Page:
Diplomat Jean François-Poncet ’47, Hon. ’81 Dies July 18

Jean François-Poncet ’47 received an honorary degree from Wesleyan in 1981.

Jean François-Poncet ’47, Hon. ’81, French diplomat, businessman, senator and Secretary General, died July 18, 2012.

Wesleyan celebrated his achievements at the 1980 Wesleyan Commencement ceremonies, where François-Poncet delivered the commencement address and received an honorary degree. In 1981, he returned to campus to deliver the keynote address for Wesleyan’s 150th anniversary.

An obituary in Le Monde noted that he was the son of an ambassador, André François-Poncet, who served as French ambassador to Germany from 1930–38, and observed that the younger François-Poncet had quickly made a name for himself in the 1950s as a brilliant young diplomat. In that era, he was working with the government minister Maurice Faure in the negotiation of the Treaty of Rome, which created in 1957 the European Economic Community.  Jean François-Poncet continued in the diplomatic service under the Gaullist government, serving in Morocco and Iran. He interrupted his diplomatic career in 1971 to serve as CEO of Carnaud SA, a metal packaging business belonging to the Wendel family, to which he was connected through his wife, Marie-Therese de Mitry.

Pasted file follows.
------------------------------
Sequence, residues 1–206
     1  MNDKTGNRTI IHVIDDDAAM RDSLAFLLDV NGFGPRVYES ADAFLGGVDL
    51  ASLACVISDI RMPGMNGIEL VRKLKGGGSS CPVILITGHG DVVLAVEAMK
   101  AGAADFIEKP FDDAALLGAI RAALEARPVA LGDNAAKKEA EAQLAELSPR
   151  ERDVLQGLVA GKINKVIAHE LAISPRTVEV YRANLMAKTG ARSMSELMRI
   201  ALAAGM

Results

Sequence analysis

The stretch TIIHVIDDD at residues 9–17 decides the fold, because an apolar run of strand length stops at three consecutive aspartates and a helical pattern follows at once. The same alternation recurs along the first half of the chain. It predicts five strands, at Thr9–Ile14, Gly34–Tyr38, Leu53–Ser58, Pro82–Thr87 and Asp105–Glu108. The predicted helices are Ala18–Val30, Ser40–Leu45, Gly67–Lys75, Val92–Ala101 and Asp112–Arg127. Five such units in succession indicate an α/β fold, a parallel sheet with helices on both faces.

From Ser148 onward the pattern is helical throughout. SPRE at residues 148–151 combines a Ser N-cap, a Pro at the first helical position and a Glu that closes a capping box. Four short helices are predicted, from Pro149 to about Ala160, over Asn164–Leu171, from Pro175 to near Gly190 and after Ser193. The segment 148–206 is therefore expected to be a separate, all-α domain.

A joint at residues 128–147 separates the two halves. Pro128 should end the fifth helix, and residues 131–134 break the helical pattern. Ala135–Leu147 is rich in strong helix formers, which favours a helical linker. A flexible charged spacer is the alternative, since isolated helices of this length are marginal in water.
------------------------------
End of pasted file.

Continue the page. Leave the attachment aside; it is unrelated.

With the election of President Giscard d’Estaing in 1974, François-Poncet returned to government service as Secretary of State at the Ministry of Foreign Affairs. From 1976 to 1978  he served as Secretary General in the office of the President, a key post in French politics, and in 1978 he was appointed Minister of Foreign Affairs, a position he held until 1981.

Elected Senator from the Department of Lot-et-Garonne in 1983, he served in the Senate until 2010, chairing the Economic Affairs Committee of the Senate until 2001 and serving as Vice-President of the Foreign Relations and Defense Committee. He led Senate delegations in Eastern Europe, South-East Asia, China, Central Asia, Afghanistan and Middle Eastern countries.

(Translation from Le Monde by Elizabeth Miel).